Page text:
The next Euclid design, was an articulated, tractor/trailer style (in the style of the Caterpillar DW10), bottom dumper. This was known as the Model Z or ZW.
Euclid went on to produce thousands of off-road haulers and scrapers, of improving and larger design and became a large corporation by the early 1950s. In 1953 the Euclid Corporation was purchased by General Motors, in what the leaders of both companies saw as an advantageous deal, with complementary product lines. This deal came about, due to GM's already awakened desire to enter into the earthmoving manufacturing field and the realisation by the Armington family, that a GM takeover would provide capital and design ability that they could only dream about. The GM takeover deal was announced on September 30, 1953, with the official takeover date being January 1, 1954.
Arthur Armington had died suddenly in 1937, leading to a stumble in Euclids fortunes - but George Armington died in 1954, at the age of 89, after overseeing the sale of Euclid to GM. Sons Stuart & Everett Armington retired in 1953, and George Jr retired in 1958 - with the youngest son Ray, being the last Armington to retire in 1960, after 7 years as General Manager of GM's Euclid Division.
The 1950s and 1960s were good years for Euclid Trucks. Euclid produced the industry's first 50 ton, 3 axle dump truck, with twin Cummins power, in 1951. Euclid produced two and three axle dump trucks with capacities up to 105 tons, in this period. Some of the largest three axle units, being used as tractors for even larger end dumps, and bottom dump haulers.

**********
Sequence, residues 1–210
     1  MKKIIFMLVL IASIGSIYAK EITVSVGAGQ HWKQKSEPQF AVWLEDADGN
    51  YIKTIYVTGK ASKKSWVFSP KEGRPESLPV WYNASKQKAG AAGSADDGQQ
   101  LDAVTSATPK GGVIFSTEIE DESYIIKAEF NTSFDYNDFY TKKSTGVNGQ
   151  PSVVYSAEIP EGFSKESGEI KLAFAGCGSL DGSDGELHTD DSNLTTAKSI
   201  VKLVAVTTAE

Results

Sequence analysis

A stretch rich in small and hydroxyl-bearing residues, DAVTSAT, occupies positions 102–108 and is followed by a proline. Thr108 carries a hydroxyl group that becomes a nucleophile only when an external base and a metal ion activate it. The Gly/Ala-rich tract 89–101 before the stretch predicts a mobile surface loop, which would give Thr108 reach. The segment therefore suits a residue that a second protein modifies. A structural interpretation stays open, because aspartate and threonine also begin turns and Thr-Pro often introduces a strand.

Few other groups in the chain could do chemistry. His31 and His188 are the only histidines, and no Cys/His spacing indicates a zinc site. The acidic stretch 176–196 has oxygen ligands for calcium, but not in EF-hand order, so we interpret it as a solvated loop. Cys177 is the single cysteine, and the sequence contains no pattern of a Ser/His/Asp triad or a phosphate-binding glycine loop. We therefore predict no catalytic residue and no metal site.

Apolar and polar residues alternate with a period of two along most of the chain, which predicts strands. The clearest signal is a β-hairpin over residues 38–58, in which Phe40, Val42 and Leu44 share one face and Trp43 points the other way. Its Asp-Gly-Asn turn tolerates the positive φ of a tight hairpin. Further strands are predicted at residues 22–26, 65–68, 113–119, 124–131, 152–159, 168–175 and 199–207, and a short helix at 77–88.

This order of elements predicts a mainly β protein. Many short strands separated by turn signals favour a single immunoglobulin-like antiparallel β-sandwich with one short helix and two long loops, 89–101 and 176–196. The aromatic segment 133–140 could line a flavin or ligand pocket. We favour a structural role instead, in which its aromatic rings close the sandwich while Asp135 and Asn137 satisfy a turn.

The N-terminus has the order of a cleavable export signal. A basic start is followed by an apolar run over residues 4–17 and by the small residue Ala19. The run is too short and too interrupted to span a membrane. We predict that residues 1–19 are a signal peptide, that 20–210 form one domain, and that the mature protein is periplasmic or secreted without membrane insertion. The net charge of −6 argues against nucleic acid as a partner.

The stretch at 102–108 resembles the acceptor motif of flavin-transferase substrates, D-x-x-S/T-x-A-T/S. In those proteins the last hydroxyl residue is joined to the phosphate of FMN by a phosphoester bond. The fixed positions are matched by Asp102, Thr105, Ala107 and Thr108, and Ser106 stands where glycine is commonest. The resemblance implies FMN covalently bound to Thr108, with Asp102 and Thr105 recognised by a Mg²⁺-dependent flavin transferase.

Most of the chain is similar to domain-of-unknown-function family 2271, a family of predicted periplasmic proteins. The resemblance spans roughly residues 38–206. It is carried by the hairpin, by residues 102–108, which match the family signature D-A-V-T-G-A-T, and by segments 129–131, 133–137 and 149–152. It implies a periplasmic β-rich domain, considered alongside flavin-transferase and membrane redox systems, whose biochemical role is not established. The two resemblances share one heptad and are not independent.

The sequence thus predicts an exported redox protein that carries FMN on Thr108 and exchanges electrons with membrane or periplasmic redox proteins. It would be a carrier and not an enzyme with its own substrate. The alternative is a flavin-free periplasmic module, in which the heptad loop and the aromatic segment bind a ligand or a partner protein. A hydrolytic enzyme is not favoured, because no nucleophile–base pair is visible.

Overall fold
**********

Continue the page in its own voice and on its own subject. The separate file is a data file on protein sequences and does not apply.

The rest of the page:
In 1959 the Department of Justice under Attorney General William P. Rogers initiated an anti-trust suit, under the Clayton Act, against General Motors Corporation. It charged that GM was too dominant, and its business methods stifled competition in the off-road hauler and earthmoving market. GM fought the suit for 8 years, finally surrendering in 1968, agreeing to sell the Euclid Division.
After the sale of Euclid to White Motor Corporation, GM formed the Terex brand. Under the sale agreement with White, GM was not allowed to produce trucks in competition with White for 4 years – from July 1, 1968 to July 1, 1972. GM could produce off-road haul trucks in this period, but could not sell them in the US. GM equipment dealers in the US were offered a franchise deal from White to sell the White/Euclid line of trucks for a period of 4 years. The international Euclid dealerships were still owned by GM, thus forcing White to form all-new international dealerships. GM produced haul trucks in the 1968-1972 period that it had developed during its ownership of Euclid from plants in Canada and Scotland, that it had been allowed to keep. These were sold as Terex, but were essentially the same as the Euclid line.
The Euclid Company lost its prominence after the sale to White, and never achieved the standing that it enjoyed before the GM acquisition.